“Being His Club Was a Badge of Honour” – Life After Bielsa at Leeds and Picking Up the Pieces

Walk through Leeds city centre and there are mementoes everywhere that show Marcelo Bielsa is not just any old soccer manager. There are murals on display and streets named after him, proving that he was more a cultural phenomenon.

A maligned, misunderstood coach, nicknamed ‘El Loco’ (crazy) for his obsessive approach to soccer and unorthodox methods, met the most notoriously difficult English club in 2018. It could have gone so wrong; Bielsa’s history, his most ardent critics believed, suggested it would eventually. But sparks flew.

Since 2004, everybody has become aware of Leeds United’s story. One of the proudest and biggest soccer institutions in this country, which had won league titles and played in Europe until only a couple of years before, hit financial oblivion and were relegated from the Premier League. For much of the next 16 years, further bad decisions and poor management exacerbated their malaise and they drifted through the lower leagues, even succumbing to administration. Different owners and managers had all tried and failed,, but it was the marriage with Bielsa, which on paper appeared quite awkward, which finally brought everything together and Leeds back to the top flight.

The Argentine was known for his high-intensity style, demanding incredible fitness from his players, and making his teams very attack-minded. Traditionalists thought it could never work in England, but Leeds are one of those clubs that feel different; a one-city club who, when guided a certain way, can be galvanised. That is exactly what happened almost instantly during his first season, which ultimately ended in play-off defeat.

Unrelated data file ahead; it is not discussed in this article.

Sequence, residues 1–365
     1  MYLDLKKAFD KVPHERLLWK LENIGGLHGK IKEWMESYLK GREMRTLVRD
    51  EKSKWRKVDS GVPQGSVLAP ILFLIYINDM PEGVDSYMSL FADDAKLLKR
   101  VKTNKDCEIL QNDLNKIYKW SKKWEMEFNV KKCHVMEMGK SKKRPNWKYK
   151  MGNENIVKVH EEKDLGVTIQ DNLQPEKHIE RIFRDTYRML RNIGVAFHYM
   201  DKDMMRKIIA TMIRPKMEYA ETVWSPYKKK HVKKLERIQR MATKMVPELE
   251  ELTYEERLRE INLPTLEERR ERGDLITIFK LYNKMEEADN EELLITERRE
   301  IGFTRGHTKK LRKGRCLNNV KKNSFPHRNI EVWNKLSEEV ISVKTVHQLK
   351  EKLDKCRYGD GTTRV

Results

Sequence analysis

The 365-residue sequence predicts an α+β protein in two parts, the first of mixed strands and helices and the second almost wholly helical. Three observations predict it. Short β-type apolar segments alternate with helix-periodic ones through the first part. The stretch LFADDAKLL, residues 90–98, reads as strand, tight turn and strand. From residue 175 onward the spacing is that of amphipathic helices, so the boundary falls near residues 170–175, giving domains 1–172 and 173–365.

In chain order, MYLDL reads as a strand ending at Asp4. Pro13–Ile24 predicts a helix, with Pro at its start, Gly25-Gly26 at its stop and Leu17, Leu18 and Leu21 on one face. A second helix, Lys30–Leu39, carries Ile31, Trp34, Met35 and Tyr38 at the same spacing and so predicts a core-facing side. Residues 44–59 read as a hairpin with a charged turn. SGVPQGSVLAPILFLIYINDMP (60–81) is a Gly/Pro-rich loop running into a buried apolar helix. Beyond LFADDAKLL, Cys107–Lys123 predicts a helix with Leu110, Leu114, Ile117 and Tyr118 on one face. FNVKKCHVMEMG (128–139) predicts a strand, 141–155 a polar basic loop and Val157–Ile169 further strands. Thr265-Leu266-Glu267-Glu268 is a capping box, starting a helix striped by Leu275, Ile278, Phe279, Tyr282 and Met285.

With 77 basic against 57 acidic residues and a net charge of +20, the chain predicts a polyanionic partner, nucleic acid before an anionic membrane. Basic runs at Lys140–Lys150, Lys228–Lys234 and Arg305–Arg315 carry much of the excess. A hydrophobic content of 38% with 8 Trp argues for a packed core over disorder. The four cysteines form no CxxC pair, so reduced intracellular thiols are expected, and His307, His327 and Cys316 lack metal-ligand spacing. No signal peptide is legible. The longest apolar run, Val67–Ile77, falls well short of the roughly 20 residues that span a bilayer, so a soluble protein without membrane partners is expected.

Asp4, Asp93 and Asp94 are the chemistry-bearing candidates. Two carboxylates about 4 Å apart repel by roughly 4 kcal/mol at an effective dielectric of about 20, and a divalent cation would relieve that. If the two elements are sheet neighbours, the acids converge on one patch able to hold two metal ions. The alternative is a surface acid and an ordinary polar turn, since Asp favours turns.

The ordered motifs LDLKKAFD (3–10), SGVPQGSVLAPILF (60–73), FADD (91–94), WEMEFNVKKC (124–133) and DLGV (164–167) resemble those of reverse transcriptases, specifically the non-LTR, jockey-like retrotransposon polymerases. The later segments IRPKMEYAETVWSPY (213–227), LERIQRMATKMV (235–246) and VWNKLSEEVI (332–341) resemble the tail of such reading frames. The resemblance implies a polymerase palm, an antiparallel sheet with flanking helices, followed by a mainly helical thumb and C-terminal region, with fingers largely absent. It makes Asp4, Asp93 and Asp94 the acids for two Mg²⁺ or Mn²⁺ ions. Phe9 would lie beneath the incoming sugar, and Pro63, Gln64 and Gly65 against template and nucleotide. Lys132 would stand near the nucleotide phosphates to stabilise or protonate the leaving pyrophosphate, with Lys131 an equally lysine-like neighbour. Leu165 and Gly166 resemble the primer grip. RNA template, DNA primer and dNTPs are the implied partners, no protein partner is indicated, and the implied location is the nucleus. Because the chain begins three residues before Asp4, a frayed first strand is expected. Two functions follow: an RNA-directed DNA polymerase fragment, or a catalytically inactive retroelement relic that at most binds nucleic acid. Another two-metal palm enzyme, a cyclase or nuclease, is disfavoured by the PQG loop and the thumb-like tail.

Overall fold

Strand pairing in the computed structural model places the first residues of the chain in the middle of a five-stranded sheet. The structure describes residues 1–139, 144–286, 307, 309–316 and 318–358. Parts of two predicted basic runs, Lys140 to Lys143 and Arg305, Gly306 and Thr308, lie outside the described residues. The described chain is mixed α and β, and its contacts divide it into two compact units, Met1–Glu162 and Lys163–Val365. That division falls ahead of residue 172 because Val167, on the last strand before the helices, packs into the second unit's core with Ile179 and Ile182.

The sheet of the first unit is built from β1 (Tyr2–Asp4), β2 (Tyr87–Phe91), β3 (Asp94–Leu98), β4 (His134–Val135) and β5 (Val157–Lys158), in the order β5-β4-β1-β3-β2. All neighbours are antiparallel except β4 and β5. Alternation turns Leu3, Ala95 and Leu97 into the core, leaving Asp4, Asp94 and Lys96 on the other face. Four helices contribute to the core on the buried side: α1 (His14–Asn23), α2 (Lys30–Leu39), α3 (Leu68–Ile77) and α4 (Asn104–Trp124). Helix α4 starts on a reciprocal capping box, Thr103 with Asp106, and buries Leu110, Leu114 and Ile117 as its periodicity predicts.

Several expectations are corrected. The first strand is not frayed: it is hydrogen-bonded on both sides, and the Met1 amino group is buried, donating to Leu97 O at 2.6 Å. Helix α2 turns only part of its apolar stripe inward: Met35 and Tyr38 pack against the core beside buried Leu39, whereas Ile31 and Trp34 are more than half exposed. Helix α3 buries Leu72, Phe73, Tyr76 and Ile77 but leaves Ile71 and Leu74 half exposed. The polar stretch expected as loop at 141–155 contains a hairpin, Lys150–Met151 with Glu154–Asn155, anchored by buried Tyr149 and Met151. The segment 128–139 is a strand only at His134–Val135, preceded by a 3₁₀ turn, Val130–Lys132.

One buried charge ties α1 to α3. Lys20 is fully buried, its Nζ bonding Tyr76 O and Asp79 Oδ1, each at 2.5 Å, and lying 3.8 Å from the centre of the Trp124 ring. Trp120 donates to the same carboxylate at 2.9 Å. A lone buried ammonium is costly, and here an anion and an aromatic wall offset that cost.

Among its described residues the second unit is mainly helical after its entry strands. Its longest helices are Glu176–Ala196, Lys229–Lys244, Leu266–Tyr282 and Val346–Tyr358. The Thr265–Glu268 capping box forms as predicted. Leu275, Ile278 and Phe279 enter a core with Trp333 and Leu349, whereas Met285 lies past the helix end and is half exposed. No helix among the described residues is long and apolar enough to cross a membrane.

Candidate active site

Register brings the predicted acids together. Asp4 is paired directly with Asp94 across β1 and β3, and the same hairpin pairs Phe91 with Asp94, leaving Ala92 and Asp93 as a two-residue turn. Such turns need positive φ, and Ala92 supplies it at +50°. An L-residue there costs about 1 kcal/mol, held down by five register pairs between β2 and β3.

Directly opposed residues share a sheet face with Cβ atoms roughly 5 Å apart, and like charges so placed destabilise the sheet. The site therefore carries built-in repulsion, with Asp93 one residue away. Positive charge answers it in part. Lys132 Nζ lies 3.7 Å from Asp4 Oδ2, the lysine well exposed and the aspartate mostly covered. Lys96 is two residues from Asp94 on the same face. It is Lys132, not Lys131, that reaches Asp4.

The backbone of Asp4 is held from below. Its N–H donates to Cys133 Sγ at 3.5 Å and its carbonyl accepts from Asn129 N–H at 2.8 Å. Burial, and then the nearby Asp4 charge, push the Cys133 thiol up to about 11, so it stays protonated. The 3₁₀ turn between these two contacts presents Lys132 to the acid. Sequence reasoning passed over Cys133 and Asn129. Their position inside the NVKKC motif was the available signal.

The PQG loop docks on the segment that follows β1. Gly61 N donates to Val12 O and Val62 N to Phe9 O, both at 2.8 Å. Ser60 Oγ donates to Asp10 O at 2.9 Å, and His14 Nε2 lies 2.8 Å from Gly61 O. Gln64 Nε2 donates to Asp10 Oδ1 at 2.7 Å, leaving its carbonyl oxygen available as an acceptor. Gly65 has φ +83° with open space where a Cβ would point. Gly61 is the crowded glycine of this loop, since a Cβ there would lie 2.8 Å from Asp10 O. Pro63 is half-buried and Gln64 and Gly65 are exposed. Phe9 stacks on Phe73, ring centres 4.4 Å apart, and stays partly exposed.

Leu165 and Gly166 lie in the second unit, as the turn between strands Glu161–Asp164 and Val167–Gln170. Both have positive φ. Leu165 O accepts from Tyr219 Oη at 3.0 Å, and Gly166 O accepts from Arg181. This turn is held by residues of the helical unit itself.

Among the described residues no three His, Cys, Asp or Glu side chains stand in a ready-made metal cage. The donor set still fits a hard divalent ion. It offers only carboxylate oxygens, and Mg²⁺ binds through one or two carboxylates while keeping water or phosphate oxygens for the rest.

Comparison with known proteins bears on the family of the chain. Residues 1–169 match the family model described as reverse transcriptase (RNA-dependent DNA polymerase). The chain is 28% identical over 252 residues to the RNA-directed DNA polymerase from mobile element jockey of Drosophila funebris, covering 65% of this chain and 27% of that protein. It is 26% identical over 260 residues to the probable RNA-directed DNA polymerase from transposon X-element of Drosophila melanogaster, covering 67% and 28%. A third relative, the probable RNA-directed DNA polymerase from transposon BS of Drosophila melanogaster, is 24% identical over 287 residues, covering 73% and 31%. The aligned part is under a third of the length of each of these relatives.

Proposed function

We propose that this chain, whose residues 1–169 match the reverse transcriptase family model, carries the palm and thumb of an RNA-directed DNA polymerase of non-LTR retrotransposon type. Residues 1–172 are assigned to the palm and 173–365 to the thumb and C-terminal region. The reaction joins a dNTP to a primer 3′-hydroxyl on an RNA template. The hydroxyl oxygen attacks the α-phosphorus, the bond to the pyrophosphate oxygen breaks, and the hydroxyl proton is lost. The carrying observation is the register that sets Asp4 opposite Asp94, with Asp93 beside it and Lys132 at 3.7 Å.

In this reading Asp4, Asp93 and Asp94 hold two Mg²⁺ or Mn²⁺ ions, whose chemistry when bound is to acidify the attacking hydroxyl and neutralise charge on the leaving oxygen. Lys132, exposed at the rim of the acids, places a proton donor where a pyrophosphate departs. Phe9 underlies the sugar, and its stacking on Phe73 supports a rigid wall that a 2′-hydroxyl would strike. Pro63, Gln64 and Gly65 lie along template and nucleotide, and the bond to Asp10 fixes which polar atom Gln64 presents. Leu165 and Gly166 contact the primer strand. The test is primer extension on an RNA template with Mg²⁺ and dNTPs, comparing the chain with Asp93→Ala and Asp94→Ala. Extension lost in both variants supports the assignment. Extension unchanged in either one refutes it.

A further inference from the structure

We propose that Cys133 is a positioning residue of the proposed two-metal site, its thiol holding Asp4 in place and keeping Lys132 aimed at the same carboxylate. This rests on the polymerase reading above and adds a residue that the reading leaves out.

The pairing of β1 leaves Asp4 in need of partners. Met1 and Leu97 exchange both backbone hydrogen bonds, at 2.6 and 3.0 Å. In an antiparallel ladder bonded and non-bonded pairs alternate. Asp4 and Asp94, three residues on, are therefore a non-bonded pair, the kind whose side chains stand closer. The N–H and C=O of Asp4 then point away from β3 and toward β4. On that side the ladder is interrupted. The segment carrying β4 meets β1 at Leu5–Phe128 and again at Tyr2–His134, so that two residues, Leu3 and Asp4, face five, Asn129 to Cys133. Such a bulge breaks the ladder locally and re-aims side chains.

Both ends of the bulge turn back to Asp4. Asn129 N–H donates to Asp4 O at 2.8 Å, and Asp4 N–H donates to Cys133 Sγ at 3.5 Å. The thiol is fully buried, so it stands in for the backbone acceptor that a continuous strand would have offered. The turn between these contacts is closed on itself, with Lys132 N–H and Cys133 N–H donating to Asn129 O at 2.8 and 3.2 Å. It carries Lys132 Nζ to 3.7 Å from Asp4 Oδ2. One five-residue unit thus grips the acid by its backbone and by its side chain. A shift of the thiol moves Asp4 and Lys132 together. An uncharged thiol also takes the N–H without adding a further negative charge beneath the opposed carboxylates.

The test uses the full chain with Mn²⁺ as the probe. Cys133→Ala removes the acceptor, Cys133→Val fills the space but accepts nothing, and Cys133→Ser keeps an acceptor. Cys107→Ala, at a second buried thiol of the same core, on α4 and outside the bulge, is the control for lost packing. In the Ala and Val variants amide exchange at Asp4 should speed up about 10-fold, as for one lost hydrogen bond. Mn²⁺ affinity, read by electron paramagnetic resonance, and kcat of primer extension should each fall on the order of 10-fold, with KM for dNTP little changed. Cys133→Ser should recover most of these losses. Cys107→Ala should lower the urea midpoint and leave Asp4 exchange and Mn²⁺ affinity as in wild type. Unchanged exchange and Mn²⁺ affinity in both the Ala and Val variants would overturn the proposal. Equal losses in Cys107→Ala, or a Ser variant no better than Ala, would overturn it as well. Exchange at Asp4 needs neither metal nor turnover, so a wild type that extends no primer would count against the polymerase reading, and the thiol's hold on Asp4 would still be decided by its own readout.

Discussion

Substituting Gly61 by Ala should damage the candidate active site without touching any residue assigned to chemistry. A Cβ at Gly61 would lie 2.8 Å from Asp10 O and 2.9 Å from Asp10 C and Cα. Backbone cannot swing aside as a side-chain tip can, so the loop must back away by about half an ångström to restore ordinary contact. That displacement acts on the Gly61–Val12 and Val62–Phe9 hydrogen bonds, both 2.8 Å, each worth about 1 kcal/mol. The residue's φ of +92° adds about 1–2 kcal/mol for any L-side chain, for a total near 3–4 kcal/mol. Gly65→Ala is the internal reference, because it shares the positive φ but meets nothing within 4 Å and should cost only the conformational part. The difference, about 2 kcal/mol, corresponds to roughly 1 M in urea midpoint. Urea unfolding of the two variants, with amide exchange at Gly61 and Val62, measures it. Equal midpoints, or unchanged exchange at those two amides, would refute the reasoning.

“Victories over Stoke and Derby in the Championship were as good as anything any Leeds fan had seen in years – if ever,” Nestor Watach, soccer writer for Planet Soccer and Leeds fan, tells Compare.bet. “Anyone under the age of 30 will have never seen anything like it, and older generations that remember the Don Revie and Howard Wilkinson years may well have given up on seeing anything like that again.

“I’m sure promotion would’ve felt amazing if we’d been incredibly boring and done it under Neil Warnock or something, but it did feel extra special because of Bielsa. It feels like the only way it could have been done – I maintain there’s not another coach in the world, not [Jurgen] Klopp or [Pep] Guardiola, that could have inherited that squad and transformed them as he did.

“Being his club and playing soccer in his image was a badge of honour – something that Leeds fans share with Newell’s Old Boys, Chile and Athletic Bilbao.”

The biggest reason Bielsa and Leeds had such a strong bond was because one relied upon the other to reignite their love for soccer, importing meaning back into their trips to Elland Road.

“Prior to Bielsa’s arrival, after eight years of largely midtable Championship finishes with totally forgettable teams and seasons. Many just kept going to Elland Road out of some kind of habit, but it was rarely a fun place to be and it certainly never felt like the club was going anywhere – put simply, because it wasn’t.”

But there was a human connection between Bielsa and his people, too. He was eccentric, but the sense of community and remaining grounded shone through; he lived among fans, shopping in the local supermarket and walking in the area and to training, never shirking the opportunity to make somebody’s day with a photo or an autograph. What struck hardest during his near four-year reign, which eventually came to an end earlier this month, was that everybody seemed to have a Bielsa story.

Supporter James Rowlands tweeted about supplying Bielsa with his favourite tea and biscuits and leaving them on the door handle of his flat. He received a personal ‘thank you and goodbye’ message before they parted ways.

“The soccer was a joy to watch and the players looked like they actually cared. So it was so easy to buy into,” Watach continues. “That’s the coaching – but there’s also his humility, his honesty, his inherent likability, and the sense that he genuinely, truly cared about the club and supporters.

“He spoke about feeling that love, which will have certainly helped. But there was also the fact that chairman Andrea Radrizzani and director of soccer Victor Orta were willing to accommodate his idiosyncrasies and demands – such as a large coaching staff and changes to the training facilities.